Bury Pl. 20, Amboinesian Amaryllis
Original Antique Print
25" x 18 1/2" (approximate)
A Selection of Hexandrian Plants
Priscilla Susan Bury’s remarkable contribution, A Selection of Hexandrian Plants, Belonging to the Natural Orders Amaryllidae and Liliacae, depicts flowers with six stamens. Of elephant-size, it is the largest scale, most unusual and rarest of all 19th-century botanicals. Comprised of 51 aquatint engravings produced in ten parts from 1831 to 1834 by renowned London engraver, Robert Havell, Jr., these rich aquatint engravings are partly printed in color and partly hand-colored. Also the publisher of this work, Robert Havell produced Bury’s folio at the same time that he was engraving John James Audubon’s plates. John James Audubon was listed among the subscribers to this splendid 19th-century botanical folio. Only 80 subscriptions were sold.
Wilfred Blunt, author of The Art of Botanical Illustration, writes, “Mrs. Edward Bury…was the artist of the impressive Selection of Hexandrian Plants (1831—34), certainly one of the most effective color-plate folios of its period…. The “Hexandrian” flowers — lilies, crinums, pancratiums and hippeastriums — are executed in fine-grained aquatint, partly printed in colour, and retouched by hand.”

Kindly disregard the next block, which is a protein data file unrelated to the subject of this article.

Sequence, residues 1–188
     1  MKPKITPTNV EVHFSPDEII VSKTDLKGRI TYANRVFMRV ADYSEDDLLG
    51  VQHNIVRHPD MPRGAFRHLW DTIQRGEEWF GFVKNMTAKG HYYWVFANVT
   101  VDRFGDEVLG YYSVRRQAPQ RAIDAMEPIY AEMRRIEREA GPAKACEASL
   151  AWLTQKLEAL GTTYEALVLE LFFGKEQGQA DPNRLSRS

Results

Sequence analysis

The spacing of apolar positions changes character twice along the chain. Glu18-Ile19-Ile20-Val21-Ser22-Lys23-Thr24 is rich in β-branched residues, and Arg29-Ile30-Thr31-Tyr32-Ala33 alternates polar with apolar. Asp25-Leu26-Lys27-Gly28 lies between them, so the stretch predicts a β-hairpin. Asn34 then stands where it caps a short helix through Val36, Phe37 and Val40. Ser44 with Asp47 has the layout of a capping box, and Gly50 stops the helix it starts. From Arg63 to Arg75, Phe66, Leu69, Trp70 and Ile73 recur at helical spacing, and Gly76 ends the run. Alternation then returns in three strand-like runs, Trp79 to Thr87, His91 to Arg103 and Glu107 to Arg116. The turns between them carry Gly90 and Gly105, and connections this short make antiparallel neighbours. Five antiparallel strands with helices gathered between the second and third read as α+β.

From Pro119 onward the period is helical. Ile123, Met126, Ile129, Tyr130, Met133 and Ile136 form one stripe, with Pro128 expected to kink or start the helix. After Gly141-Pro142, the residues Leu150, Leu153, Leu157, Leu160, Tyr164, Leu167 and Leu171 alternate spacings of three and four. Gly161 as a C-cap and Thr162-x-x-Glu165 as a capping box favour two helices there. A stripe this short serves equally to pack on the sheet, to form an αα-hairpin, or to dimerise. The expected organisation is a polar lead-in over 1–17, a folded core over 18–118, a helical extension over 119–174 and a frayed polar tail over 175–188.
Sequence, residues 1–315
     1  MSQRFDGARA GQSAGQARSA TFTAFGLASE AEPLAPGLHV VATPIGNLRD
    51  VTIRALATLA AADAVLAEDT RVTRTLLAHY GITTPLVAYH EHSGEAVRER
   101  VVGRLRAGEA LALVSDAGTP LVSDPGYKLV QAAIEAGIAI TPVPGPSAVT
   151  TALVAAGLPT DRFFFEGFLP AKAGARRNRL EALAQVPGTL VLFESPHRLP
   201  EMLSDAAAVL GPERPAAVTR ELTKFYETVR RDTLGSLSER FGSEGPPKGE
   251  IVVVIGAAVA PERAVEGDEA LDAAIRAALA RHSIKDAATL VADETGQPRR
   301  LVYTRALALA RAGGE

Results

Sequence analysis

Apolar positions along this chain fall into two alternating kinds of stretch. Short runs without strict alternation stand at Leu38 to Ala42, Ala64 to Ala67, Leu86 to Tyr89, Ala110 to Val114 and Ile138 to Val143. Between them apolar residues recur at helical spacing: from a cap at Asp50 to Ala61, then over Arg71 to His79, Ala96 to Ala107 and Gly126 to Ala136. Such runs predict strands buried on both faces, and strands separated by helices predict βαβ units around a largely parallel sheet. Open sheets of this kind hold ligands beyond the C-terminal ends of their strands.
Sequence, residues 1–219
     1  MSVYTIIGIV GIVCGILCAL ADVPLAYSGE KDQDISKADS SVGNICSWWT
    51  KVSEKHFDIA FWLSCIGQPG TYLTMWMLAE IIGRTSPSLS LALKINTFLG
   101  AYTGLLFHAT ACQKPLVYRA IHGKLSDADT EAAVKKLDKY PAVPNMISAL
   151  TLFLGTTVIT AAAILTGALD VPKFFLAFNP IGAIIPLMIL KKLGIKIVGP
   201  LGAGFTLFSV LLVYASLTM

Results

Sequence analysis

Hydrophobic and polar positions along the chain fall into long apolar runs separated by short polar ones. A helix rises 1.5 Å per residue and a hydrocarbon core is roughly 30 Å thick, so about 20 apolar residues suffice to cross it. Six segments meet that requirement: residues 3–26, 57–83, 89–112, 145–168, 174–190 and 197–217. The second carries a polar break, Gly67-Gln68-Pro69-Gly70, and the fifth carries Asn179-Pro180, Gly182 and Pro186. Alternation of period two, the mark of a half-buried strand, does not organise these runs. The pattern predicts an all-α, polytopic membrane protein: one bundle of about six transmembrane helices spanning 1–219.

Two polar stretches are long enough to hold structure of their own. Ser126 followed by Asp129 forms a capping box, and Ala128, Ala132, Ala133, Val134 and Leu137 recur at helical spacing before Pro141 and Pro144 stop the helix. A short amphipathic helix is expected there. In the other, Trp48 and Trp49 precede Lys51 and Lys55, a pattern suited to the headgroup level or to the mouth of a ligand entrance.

In his work, Flower and Fruit Prints of the 18th and early nineteenth centuries, 1970, Gordon Dunthorne refers to Bury prints from this folio as “Finely coloured plates of perfect technique, very decorative and “modern” in feeling, of amaryllis, crinum, pancratium and lilies. Some plates show the bulb and stalk, leaves and blossom.”
Mrs. Edward Bury (c. 1799—1870), née Priscilla Susan Falkner, was the daughter of a well-placed family. Exotic plants were grown in the hot houses at her family’s estate, Fairfield, near Liverpool, where, as a young girl, she began painting flowers. The Victorian tradition viewed women illustrating flowers as “genteel, diverting and instructive study [so] that the fair sex could find amusement….” The talented Bury’s “Hexandrian” watercolor flower “portraits”, as she called them, were of lilies, crinums, pancratiums, and hippeastrums.
Priscilla Susan Bury was encouraged in her botanical painting pursuits by a local botanist, William Rowe, and her distinguished friends, the zoologist William Swainson and William Roscoe. She also received technical expertise from the staff at the Liverpool Botanical Gardens. Unlike her contemporaries, Pierre-Joseph Redouté or Pierre-Antoine Poiteau, Priscilla Susan Bury was not trained as a botanist or artist, yet she occupies a singular position in botanical art.
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